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lastmate 08-19-2002 06:39 AM

MacGregor 22 vs. Catalina 22
We''re looking for our first weekend lake sailer and have narrowed it down to an ''84 MacGregor 22 or an ''84 Catalina 22, both well-maintained. The MacGregor is much lighter--1800 lbs. vs. 2490 lbs, so easier to trailer and launch (draws only 6" with swingkeel up) but has built-in flotation--which does take away from interior space. We like the interior of the Catalina but it has no flotation and we''re wondering how it would sail in the light winds we get around here during summer (due to heavier weight), though Catalinas do seem to be very popular in this area. The Catalina would cost about $2,000 more but does have roller furling, a newer outboard, depth sounder, propane stove, sink, upgraded trailer, bimini, etc. and seems to have a higher base value--though it''s hard to find many MacGregors around of that era, most people don''t even realize there are steel-ballasted ones out there. The MacGregor has a lighted compass and knot meter (which the Catalina doesn''t have)and shade awning that can only be used while anchored. It has no stove and the slideout sink arrangement seems awkward and (though included) has been removed by the current owner since it seems to get in the way. Both boats have porta-potties and swim ladders. The MacGregor has a genoa, 110 jib and storm sail (which take up alot of room inside), while the Catalina only has the 110 jib on the roller-furling.
We would like decent performance but have a preschooler and are also concerned about safety and both my wife and I not having to both pay constant attention to the helm and sails. We''d mostly keep it docked at a local lake but would like to trailer it once or twice a year to Lake Erie, Kentucky Lake or somewhere else for a family trip. The Catalina is already docked at the lake we''d be using, and its owner will be continuing as a member of that sailing club, while the MacGregor is about 140 miles away on a trailer and was mostly sailed in Lake Erie till 2 yrs ago.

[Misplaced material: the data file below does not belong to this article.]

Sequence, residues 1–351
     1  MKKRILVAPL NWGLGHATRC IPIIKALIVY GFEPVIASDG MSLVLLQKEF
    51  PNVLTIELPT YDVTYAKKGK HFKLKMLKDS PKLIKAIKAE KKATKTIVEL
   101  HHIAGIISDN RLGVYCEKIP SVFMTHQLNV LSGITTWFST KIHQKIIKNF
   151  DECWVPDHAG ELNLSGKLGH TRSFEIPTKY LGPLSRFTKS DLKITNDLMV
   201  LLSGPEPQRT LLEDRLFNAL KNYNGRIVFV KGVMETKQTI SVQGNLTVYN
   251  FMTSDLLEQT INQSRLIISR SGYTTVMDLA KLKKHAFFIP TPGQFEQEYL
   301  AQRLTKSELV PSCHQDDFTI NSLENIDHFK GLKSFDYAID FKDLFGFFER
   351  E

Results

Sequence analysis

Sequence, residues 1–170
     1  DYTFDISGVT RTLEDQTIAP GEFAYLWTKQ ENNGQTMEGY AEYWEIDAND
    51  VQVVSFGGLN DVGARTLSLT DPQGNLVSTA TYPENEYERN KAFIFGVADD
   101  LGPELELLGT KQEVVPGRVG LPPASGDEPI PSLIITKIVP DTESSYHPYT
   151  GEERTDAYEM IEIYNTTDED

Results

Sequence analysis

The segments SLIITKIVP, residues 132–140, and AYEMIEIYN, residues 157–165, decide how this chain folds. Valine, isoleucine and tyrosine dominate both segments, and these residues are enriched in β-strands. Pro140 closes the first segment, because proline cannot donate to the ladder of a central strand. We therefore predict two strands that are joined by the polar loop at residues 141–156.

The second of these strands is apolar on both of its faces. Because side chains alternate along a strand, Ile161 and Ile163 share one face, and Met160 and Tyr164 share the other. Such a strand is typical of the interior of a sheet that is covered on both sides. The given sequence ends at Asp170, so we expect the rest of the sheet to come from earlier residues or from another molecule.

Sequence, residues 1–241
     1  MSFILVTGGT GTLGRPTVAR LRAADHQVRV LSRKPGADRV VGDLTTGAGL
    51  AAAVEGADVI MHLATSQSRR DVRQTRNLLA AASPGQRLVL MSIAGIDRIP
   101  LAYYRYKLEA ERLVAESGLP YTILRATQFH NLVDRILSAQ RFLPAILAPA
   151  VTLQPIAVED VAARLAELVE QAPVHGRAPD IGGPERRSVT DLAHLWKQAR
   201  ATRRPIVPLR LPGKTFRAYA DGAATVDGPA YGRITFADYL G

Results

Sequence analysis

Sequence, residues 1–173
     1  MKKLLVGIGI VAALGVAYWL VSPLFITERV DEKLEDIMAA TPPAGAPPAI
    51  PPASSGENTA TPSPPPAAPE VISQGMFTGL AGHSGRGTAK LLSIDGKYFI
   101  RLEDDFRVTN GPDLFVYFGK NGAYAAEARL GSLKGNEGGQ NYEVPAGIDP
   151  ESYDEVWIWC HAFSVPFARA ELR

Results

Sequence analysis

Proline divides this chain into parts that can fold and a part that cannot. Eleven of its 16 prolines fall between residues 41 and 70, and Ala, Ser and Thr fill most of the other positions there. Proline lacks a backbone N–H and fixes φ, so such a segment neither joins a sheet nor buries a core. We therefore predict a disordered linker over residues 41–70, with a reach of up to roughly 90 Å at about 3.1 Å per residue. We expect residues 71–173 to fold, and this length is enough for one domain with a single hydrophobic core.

Any advice or recommendations are welcome. Thanks!

lastmate 08-19-2002 06:54 AM

MacGregor 22 vs. Catalina 22
The Catalina is an ''87, not an ''84.

Sailormon6 08-19-2002 10:01 AM

MacGregor 22 vs. Catalina 22
Either the C22 or the Mac22 will be easy to tow, set up and launch. My first small cruiser was a C22, and I once towed it to Michigan and back from southern Ohio with an old 6 cylinder Rambler.

Compare the weight and workmanship of the two boats and their hardware, and you will find the C22 to be stronger and somewhat better built.

The Catalina''s small jib will give you decent performance on a light-air inland lake, but I would suggest you negotiate with the seller for a price reduction of a few hundred dollars to help you buy a 130% or 150% jib. The 110% jib is o.k., but a larger jib will help in light air.

In 25 years of sailing, I have never known of either a C22 or a Mac22 that sank, although I''m sure it must have happened somewhere. Most small cruising boats don''t have flotation, because it occupies too much interior space that could be used for storage and other purposes, and because, in my opinion, it just isn''t crucial to safety if the occupants have pfd''s. Those boats are designed to be sailed in more protected waters, where you are close to shore at all times.